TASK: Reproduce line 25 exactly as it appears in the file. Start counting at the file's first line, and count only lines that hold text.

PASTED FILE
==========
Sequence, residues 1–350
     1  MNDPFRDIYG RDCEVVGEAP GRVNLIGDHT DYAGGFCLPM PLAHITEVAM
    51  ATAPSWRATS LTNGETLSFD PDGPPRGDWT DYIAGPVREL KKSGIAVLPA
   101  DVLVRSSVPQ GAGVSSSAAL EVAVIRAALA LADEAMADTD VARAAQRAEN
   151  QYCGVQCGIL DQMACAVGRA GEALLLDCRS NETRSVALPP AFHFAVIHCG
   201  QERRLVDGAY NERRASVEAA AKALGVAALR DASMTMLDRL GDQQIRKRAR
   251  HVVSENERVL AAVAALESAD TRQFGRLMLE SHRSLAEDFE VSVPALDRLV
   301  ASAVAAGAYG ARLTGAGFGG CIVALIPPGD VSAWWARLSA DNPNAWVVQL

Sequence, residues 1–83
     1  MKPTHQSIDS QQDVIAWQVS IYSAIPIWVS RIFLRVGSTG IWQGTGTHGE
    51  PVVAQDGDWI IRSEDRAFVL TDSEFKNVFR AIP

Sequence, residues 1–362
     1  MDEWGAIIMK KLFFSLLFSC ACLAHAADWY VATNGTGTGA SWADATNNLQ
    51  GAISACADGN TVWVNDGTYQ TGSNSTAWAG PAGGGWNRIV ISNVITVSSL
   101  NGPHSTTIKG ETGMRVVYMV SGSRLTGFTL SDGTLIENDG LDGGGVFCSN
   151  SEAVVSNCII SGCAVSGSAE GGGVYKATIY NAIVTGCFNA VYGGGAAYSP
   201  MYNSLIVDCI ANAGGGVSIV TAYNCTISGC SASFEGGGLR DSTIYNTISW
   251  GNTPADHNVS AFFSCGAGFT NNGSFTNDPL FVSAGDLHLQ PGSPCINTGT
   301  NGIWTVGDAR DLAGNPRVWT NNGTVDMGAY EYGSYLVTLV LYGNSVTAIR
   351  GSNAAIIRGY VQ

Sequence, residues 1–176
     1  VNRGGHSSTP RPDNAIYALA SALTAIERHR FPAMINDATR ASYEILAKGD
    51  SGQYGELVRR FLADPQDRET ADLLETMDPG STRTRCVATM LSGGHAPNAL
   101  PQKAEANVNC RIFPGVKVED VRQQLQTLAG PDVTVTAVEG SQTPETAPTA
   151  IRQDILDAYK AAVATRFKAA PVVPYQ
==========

   151  IRQDILDAYK AAVATRFKAA PVVPYQ